Italy signed the pact in 2019 expecting a big boost to exports but hoped-for economic gains have not materialised.
Italy has formally withdrawn from China’s global Belt and Road initiative that seeks to deepen relations with foreign countries through infrastructure investments, Italian media reported on Wednesday.
Italian Premier Giorgia Meloni had previously signalled Italy’s intention to withdraw from the agreement, which was up for renewal.
Italy became the first G7 country to sign on to the initiative in 2019, when the populist, anti-establishment Five Star Movement party-led government promoted it as a way of increasing trade with China while getting investments in major infrastructure projects.
Neither appeared. In the intervening years, Italy’s trade deficit with China has ballooned from €20bn to €48bn and investments in Italian ports that were trumpeted in newspaper headlines were never achieved.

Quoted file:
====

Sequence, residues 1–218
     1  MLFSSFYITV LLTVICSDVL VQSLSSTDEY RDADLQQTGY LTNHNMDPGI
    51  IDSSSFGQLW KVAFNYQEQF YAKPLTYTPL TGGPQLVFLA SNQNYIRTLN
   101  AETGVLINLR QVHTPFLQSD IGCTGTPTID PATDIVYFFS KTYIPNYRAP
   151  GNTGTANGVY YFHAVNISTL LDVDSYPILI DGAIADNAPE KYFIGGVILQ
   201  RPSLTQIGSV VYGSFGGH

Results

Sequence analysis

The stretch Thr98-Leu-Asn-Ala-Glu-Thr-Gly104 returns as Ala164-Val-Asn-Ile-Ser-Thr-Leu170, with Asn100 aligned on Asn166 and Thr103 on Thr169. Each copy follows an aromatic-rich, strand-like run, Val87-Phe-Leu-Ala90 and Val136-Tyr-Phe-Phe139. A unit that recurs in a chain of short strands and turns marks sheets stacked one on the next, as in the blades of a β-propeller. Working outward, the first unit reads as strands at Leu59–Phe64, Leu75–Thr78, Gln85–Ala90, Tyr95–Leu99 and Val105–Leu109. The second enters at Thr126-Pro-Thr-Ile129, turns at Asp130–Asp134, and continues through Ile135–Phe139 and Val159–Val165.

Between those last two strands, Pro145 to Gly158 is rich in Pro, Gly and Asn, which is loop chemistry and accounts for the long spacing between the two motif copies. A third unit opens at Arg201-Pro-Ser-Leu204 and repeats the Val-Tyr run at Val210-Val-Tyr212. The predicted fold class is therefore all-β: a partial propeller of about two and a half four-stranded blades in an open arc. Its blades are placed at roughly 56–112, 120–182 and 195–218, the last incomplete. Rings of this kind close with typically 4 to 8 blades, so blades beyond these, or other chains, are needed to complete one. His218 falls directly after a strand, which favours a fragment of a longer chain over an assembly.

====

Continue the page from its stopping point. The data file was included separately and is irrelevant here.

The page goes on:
Meloni, in opposition at the time, was against the deal from the start. Her foreign minister, Antonio Tajani, said this summer that Italy had not “obtained great results” from the pact.
Analysts said Italy had little incentive to continue in the pact, and that China can fall back on the face-saving narrative that Italy dropped out under US pressure.
The initiative involves Chinese companies building transportation, energy and other infrastructure overseas funded by Chinese development bank loans. It has built power plants, roads, railroads and ports around the world and deepened China’s relations with Africa, Asia, Latin America and the Mideast.
It is a major part of Chinese President Xi Jinping’s push for China to play a larger role in global affairs. More than 150 countries have signed Belt and Road agreements with China.